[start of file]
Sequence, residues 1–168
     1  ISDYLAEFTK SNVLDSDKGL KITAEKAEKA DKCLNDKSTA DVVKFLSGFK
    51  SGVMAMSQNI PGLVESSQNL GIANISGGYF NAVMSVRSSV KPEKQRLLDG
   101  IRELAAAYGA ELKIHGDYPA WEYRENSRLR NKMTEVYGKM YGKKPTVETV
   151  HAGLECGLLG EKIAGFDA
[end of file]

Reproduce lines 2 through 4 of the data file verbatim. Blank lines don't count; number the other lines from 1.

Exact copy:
     1  ISDYLAEFTK SNVLDSDKGL KITAEKAEKA DKCLNDKSTA DVVKFLSGFK
    51  SGVMAMSQNI PGLVESSQNL GIANISGGYF NAVMSVRSSV KPEKQRLLDG
   101  IRELAAAYGA ELKIHGDYPA WEYRENSRLR NKMTEVYGKM YGKKPTVETV